Committee ChairOberman, Heiko A.
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PublisherThe University of Arizona.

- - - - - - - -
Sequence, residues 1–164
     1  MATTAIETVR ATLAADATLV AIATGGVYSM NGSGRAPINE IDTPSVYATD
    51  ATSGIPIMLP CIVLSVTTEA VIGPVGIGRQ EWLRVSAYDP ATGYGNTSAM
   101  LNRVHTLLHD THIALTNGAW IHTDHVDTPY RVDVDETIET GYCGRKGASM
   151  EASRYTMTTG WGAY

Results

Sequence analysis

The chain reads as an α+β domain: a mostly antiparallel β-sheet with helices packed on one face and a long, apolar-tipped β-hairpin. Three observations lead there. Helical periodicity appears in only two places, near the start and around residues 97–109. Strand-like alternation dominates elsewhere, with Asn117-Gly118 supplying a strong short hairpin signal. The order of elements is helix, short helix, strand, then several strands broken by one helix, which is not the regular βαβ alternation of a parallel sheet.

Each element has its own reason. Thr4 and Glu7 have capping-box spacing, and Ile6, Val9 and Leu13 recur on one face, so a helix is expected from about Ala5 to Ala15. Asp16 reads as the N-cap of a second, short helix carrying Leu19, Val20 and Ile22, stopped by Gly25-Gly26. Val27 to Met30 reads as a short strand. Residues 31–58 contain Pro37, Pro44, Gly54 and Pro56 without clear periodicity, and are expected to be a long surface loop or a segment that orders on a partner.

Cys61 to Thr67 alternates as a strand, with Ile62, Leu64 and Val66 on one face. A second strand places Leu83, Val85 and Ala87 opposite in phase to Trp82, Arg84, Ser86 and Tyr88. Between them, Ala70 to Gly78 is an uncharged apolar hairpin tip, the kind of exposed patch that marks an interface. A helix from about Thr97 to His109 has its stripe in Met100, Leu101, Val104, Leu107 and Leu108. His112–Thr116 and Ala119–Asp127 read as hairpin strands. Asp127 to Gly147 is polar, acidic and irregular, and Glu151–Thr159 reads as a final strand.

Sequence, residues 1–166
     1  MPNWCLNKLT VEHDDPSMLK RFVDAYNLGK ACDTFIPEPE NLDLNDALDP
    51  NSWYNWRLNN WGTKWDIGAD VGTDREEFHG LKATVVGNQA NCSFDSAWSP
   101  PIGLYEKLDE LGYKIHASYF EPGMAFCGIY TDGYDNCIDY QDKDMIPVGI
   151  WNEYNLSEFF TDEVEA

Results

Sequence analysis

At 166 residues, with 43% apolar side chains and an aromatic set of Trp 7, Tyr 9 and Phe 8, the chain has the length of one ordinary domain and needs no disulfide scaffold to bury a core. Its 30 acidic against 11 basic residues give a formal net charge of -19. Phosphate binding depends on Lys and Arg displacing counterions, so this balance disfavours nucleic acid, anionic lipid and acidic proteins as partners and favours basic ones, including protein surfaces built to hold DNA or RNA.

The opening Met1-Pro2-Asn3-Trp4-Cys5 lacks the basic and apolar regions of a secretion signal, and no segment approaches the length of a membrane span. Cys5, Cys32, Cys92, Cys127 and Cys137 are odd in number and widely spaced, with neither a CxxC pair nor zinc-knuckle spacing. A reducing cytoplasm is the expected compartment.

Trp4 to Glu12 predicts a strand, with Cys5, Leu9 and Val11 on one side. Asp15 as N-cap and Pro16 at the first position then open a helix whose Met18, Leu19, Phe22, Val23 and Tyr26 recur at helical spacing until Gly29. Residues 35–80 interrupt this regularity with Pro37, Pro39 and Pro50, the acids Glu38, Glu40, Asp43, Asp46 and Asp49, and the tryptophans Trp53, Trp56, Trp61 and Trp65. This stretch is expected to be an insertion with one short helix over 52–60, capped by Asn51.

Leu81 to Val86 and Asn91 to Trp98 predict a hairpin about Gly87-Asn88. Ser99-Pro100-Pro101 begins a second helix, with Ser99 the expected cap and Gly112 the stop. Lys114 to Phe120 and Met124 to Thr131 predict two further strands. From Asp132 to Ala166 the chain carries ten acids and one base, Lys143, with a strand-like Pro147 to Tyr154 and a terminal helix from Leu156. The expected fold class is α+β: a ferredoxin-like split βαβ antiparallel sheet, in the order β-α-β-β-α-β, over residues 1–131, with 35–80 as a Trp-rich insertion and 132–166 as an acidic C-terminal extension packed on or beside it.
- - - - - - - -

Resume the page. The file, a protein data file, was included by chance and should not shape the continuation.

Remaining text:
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AbstractAs one of the most appalling events of the sixteenth century, the Anabaptist reign of Munster (1534/35) stimulated a wave of reactions throughout the Holy Roman Empire, rendering a revealing commentary on political and religious concerns in the 1530s. In a highly charged political climate--the establishment of the Schmalkaldic League, Philip of Hesse's lightning recovery of Wurttemberg, and uprisings in northern Germany--rulers feared that "Munster" would provide the occasion to redraw the political map of Europe. Yet, notwithstanding its potential for generating a political and religious revolution, the shocking experience acted as a profound stabilizing factor. The event struck one decisive chord with the political leaders; the conviction that, like the peasant revolt ten years earlier, the rising of the Munsterites would launch the general rebellion of the common man. This terrifying prospect united Catholic and Protestant troops before the gates of Munster. In each of the areas here investigated--Cologne, the Rhineland, and Strasbourg--"Munster" led to a change in policy toward heretics, although at different times. Despite the confessional differences between Cologne and Strasbourg, their many similarities in political concerns and strategies call into question the traditional stark division made between imperial cities according to their Catholic or Protestant allegiance. "Munster's" impact was also, overall, one of reinforcement for prevailing religious convictions: for Strasbourg's ministers and Cologne's Carthusians, the event consolidated rather than shattered their established interpretive systems. The reception of "Munster" did, however, reveal some surprising stances: curiously, the Dominicans in Cologne, veterans of the Catholic campaign against Luther during the 1520s, took a back seat in combatting the Anabaptist reign. "Munster" demonstrated the sensitivity of sixteenth-century society to anything which challenged the traditional order. The widespread outrage over the introduction of polygamy, the community of goods, and the elevation of the tailor Jan van Leiden to king was directed toward the Munsterites' demolition of societal structure. With "Munster," Germany clearly rejected any communal notions that the Anabaptist reign may have introduced. Rather, the experience of "Munster" became a catalyst for absolutist government.